I’ve started using Mastodon, and now that the initial buzz has died down, I’m finding it to feel like Twitter in the early days, before the trolls and Nazis and crappiness and “sorted timelines” and “promoted tweets”. As Michael W Lucas (on Mastodon as @firstname.lastname@example.org) puts it:
[E]ach server can moderate others on a server by server basis. There are known white supremacist Masto instances, but nobody talks to them except other white supremacists.
I don’t have to worry about someone @-ing in Richard Spencer and unleashing the slavering idiot trolls on me.
Most of the Mastoverse talks to itself quite nicely.
It’s AMAZING how much better we are when the worst 10% of humanity is walled away.
It’s not perfect. There’s still disputes & arguments. But it’s like a neighborhood picnic next to Twitter’s open sewer.
Mastodon is decentralized and not commercial at all, so you’re not at the whims of a CEO or Zuckerberg.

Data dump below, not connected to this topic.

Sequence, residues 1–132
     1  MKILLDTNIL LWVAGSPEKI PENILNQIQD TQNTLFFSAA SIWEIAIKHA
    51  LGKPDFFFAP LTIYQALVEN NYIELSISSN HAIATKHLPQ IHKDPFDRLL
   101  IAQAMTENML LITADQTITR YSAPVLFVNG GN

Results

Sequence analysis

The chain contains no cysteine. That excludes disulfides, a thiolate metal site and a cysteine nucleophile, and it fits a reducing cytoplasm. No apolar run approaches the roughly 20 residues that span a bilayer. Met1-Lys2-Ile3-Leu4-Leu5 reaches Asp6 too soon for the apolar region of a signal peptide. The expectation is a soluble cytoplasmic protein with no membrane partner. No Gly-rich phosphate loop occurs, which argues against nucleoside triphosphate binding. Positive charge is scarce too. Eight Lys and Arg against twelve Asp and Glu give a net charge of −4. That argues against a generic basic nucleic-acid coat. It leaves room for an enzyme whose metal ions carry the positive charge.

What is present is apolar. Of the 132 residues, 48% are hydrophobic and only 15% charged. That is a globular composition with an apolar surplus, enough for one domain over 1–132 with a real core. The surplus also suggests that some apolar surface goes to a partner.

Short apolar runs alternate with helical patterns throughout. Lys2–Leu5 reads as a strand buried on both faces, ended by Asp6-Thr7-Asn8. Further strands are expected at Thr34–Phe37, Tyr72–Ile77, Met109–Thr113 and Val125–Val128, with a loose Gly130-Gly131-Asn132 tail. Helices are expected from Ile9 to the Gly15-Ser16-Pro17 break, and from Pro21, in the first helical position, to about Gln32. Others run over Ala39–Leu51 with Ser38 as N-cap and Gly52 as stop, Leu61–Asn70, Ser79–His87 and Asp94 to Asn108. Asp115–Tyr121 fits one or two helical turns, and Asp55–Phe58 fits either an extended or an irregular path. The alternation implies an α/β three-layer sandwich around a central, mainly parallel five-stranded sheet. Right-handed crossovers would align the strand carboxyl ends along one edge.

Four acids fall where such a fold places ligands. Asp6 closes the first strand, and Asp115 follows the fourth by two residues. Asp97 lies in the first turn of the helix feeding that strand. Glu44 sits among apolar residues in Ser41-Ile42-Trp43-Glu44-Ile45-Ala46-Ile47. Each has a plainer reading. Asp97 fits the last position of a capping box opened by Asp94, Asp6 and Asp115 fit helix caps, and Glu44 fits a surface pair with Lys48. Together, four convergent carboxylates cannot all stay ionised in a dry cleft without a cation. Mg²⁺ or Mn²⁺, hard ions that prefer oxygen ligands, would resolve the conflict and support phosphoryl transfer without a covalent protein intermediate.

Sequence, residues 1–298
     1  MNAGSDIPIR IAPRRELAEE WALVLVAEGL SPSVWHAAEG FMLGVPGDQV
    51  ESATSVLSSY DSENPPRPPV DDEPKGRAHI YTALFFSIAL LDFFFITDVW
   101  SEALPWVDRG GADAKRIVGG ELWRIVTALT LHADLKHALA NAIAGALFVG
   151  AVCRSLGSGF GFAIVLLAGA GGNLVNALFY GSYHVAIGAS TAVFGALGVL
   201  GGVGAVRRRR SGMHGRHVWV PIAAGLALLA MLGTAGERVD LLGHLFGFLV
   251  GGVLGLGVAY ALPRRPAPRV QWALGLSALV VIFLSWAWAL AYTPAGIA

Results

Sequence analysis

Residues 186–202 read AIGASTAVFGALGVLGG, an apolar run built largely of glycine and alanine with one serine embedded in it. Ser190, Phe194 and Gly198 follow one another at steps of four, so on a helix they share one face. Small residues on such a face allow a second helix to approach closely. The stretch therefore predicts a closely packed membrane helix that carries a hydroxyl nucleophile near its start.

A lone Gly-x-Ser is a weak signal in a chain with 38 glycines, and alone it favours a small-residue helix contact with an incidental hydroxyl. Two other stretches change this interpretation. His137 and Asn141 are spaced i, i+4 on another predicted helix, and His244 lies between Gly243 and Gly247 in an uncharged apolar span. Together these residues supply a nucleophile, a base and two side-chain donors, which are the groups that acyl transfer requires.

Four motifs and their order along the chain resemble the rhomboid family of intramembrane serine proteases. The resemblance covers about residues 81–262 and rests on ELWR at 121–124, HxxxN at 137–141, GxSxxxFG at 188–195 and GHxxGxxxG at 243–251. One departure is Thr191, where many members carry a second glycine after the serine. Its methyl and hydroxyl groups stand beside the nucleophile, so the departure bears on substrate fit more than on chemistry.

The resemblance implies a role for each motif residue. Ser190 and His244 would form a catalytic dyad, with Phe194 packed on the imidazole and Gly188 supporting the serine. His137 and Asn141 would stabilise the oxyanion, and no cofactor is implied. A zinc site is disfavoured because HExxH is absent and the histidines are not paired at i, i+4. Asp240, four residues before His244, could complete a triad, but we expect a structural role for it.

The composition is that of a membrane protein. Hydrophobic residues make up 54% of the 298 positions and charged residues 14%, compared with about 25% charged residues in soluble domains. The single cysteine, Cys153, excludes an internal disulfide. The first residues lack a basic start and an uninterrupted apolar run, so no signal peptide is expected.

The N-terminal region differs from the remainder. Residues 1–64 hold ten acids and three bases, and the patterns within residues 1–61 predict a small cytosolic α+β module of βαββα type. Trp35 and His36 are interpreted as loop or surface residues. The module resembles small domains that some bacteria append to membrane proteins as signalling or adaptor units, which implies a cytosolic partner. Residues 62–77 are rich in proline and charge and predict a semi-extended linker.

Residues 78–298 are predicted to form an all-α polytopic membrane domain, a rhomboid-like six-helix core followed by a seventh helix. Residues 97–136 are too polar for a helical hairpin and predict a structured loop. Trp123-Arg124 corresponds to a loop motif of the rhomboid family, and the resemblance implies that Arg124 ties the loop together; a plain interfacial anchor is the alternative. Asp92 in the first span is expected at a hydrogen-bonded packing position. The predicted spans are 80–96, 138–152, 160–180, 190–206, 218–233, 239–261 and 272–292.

That decentralization is great – but also what kept me from joining for a while. You see, there’s not one monolithic server, but lots of them. And I kept thinking that if I joined one instance that my friends weren’t on, I’d be walled off from them (like the way WoW servers are).
This is not the case.
When you join a Mastodon instance, you have your user name followed by your instance – like @email@example.com above, or mine as @StevenSaus@mastodon.xyz, and be greeted by a web page that looks a lot like Tweetdeck. Your “Home” column is people you follow, “Local” are people on your instance, and the “Federated Timeline” is everyone on all the federated instances. So even if I wasn’t following Michael, I might see his toots (of course they’re toots) on the Federated timeline. But since I am following him, they show up in my Home timeline as well.
You can use the Twitter <-> Mastodon bridge to find Twitter friends on Mastodon, and of course, follow myself and Michael.